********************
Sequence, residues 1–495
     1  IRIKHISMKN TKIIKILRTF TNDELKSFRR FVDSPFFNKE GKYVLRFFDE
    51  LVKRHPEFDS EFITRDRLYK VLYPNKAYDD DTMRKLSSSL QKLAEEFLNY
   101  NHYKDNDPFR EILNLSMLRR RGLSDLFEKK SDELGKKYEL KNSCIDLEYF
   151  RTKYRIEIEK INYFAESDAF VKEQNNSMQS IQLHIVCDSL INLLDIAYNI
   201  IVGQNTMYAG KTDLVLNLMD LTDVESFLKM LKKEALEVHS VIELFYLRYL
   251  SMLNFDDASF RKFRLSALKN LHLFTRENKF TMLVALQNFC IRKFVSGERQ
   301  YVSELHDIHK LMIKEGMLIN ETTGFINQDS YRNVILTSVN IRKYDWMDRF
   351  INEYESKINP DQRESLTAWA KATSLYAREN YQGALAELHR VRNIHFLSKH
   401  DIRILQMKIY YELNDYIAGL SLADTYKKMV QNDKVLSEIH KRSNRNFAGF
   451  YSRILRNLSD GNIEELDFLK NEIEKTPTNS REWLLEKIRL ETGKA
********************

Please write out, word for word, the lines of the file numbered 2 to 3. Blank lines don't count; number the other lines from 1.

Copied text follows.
     1  IRIKHISMKN TKIIKILRTF TNDELKSFRR FVDSPFFNKE GKYVLRFFDE
    51  LVKRHPEFDS EFITRDRLYK VLYPNKAYDD DTMRKLSSSL QKLAEEFLNY